In the aftermath of the lead water crisis is Flint, MI., drinking water regulators are still hesitant to post inventory information online about the number and locations of lead pipes in their systems. USA TODAY NETWORKS collected documents from 49 state governments responding to the Environmental Protection Agency's call for them to begin showing more transparency by giving customers easy access to information such as what homes are receiving water through lead service lines.
In light of concerns such as the privacy, it his highly unlikely that this information will be available online anytime in the near future. Yanna Lambrinidou, a drinking water safety watchdog and affiliate faculty member at Virginia Tech, spoke at length with USA TODAY about how troubling is was that these regulators were hesitant to expose this information.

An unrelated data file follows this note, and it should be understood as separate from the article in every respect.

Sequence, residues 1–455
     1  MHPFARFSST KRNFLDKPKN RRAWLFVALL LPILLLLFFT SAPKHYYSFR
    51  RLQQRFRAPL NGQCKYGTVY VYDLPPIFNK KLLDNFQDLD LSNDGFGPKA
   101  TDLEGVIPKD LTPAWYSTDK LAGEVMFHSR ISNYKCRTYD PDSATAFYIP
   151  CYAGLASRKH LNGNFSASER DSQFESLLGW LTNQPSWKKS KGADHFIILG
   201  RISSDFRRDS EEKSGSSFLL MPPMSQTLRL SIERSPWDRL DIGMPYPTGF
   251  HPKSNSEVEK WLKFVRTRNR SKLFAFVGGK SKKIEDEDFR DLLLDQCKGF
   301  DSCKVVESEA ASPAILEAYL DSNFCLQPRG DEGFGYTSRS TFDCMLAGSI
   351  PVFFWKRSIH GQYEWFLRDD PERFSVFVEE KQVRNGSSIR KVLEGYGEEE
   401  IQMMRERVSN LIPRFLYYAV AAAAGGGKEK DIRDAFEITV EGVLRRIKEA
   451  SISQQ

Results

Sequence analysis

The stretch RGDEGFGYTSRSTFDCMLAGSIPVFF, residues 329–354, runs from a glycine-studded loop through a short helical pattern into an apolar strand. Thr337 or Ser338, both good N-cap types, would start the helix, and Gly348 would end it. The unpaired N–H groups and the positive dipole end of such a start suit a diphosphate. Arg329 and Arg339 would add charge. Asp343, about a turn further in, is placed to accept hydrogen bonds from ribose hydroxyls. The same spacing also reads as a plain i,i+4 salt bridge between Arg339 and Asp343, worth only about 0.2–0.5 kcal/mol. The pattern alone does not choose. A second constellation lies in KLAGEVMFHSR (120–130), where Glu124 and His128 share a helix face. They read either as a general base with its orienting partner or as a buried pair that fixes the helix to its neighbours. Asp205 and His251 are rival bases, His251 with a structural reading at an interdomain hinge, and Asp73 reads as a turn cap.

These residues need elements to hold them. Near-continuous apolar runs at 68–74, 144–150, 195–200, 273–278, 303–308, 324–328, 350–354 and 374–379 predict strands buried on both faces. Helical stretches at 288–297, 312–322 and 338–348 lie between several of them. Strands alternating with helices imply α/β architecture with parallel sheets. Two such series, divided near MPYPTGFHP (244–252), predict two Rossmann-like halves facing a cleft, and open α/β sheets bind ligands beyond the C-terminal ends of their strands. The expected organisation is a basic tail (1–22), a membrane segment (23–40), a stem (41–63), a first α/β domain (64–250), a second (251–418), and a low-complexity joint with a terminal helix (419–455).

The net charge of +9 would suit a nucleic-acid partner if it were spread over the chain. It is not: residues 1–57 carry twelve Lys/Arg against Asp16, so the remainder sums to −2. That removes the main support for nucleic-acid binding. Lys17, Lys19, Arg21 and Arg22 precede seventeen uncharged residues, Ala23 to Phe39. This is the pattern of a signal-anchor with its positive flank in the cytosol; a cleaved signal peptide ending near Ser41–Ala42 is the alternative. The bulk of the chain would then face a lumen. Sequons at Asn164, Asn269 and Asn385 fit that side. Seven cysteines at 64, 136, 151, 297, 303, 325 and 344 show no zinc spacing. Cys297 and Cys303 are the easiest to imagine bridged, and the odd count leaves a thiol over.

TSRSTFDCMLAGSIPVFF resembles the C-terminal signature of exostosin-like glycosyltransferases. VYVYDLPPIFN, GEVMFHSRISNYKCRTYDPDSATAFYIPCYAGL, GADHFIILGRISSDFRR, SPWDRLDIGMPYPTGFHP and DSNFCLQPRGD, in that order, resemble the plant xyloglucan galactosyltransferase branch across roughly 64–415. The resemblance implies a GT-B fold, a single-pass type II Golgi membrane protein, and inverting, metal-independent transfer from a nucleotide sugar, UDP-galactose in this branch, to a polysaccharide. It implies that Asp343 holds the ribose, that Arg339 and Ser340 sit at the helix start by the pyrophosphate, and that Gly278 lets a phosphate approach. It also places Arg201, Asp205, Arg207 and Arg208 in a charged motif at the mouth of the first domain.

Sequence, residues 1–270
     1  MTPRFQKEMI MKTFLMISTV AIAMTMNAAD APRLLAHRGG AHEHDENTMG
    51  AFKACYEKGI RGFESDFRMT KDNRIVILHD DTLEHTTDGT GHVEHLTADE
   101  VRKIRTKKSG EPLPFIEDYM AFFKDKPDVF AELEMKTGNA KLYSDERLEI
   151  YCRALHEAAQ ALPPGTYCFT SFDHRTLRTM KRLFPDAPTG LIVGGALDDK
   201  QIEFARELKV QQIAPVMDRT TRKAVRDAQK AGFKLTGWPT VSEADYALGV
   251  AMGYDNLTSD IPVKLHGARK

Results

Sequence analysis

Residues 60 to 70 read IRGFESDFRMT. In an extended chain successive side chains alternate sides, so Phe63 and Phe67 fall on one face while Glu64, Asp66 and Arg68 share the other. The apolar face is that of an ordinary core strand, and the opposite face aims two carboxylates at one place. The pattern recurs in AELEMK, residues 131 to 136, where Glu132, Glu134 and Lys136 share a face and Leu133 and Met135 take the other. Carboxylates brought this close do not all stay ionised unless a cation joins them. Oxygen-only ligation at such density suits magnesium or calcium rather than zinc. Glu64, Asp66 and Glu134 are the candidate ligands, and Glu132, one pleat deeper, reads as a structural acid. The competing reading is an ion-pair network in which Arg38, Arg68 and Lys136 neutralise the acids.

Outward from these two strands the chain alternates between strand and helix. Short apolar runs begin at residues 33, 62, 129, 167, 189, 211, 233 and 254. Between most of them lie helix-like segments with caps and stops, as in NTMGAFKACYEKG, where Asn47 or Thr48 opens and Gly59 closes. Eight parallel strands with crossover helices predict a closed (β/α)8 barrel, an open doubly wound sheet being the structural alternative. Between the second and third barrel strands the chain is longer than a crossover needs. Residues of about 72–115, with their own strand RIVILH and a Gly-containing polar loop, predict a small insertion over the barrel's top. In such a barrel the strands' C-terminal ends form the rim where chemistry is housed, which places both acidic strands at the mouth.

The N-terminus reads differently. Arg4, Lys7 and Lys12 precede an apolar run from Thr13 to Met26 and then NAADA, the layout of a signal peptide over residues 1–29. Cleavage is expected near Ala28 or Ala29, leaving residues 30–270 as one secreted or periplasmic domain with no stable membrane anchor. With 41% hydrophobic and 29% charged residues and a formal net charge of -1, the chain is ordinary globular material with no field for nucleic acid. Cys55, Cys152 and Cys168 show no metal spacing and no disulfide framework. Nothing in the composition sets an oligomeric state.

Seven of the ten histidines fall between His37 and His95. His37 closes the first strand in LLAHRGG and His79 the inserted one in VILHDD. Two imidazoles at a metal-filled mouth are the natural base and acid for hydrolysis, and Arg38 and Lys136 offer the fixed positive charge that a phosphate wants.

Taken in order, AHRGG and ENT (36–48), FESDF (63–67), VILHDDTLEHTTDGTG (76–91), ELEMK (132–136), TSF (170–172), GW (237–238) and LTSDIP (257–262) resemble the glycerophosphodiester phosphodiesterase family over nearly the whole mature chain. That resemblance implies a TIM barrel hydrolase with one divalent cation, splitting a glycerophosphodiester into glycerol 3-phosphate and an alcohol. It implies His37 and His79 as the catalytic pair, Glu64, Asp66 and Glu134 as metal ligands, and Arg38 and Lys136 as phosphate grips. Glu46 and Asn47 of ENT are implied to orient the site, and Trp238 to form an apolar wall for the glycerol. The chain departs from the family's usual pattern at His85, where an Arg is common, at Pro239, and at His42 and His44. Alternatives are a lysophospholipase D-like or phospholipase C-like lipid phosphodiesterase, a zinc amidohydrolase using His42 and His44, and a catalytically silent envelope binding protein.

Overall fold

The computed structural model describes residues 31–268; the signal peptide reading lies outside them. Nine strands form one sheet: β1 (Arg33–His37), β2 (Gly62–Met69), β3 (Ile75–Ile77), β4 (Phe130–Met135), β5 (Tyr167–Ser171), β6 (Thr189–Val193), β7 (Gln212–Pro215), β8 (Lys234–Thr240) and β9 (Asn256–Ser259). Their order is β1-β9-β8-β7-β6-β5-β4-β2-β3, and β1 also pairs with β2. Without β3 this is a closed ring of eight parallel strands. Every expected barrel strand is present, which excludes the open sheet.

While most contaminants are filtered out at treatment plants, lead enters water near the end of the drinking system as it passes through lead pipes coming into homes or individual property. Testing in areas with clean pipes can lead to passed tests and false security:
That's what makes thorough tracking and transparency about the location of lead service lines important. If utilities test water at homes that have little or no lead in their plumbing, the results are unlikely to find contamination and can give a false sense of safety across the system, as they did in Flint, Lambrinidou said.